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  3. #3
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    I hope my request for information can be a success without mentioning the brand. I don't want to burn any bridges with the manufacturer, in case I need to ask for a refund. I am concerned "XYZ" might say that a little slop won't cause damage. Then I will have no response.

    I should have mentioned that the cog base is as wide as the King. So I am trying to make my question to the MTBR SS forum as general as possible. Perhaps someone, a few months later, might have a similar question with thier cog from company "ABC".

  4. #4
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    I would think that you want them to be snug. Movement in general can eventually allow them to bang (for lack of a better word) into one side of the spline while under load. If running a stainless cog which is harder than alu then yes, you could start to damage spline drive.

    I will say that I had a ti cassette on a set of Campy Record hubs for a while. While super light it ended up put several big bite marks into the spline drive which ended up needing to be replaced to the tune of $135! It needed to be replaced because when I went to swap out my cassette for a larger set for a really hilly race I was going to be doing, I could move/wiggle the cassette (individual cogs) back and forth and you could feel it when coasting and placing a slight load on the pedals off and on.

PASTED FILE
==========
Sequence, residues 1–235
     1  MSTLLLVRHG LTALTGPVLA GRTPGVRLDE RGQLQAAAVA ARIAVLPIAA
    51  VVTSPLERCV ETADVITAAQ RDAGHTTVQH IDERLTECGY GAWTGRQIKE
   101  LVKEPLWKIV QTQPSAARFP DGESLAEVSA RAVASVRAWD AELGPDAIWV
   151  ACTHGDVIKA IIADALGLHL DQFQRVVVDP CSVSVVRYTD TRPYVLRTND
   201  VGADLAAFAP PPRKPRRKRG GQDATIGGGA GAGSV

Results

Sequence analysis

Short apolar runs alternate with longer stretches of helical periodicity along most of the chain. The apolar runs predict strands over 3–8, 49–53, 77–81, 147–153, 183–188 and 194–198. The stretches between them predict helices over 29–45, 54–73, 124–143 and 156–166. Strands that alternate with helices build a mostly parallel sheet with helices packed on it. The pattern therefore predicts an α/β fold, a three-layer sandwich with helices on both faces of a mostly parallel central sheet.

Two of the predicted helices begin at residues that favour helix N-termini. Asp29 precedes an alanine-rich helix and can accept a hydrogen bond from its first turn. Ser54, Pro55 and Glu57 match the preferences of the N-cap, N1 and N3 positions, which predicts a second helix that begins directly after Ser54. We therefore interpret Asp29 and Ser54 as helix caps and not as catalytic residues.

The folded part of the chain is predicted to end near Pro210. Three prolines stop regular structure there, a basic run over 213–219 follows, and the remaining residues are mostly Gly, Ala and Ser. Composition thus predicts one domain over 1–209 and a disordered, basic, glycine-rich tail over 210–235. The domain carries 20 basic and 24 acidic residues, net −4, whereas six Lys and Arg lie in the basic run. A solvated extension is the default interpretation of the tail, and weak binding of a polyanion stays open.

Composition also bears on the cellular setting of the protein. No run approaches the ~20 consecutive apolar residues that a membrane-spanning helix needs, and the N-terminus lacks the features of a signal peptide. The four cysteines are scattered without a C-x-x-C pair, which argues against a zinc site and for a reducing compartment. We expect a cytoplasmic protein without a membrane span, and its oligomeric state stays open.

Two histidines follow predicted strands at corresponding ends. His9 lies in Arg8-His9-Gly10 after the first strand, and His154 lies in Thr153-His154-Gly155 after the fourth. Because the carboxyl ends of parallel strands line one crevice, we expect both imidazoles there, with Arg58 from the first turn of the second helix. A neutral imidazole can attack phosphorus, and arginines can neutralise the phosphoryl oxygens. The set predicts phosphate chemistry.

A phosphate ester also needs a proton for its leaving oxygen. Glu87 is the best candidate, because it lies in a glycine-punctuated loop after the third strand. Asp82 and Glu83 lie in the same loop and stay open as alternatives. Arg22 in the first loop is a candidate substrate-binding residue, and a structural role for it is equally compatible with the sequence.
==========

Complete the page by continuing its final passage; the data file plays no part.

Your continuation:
It would not hurt to contact "XYZ" and ask them their opinion. Unfortunately, it has been a while since I have really played with any cassettes/cogs as I am running a freewheel set up on my White Industries.

  5. #5
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    I never thought a bit of looseness would be a problem because it shouldn't be moving back and forth. It's not a fixed gear so the only backwards force on the cog is a bit of chain tension when you are freewheeling and a little bit more when you backpedal. A properly tightened cassette lockring should provide enough clamping force through the spacers to stop it from constantly shifting. Banging shouldn't be a problem, and I've never felt any movement on my different freehub setups

  6. #6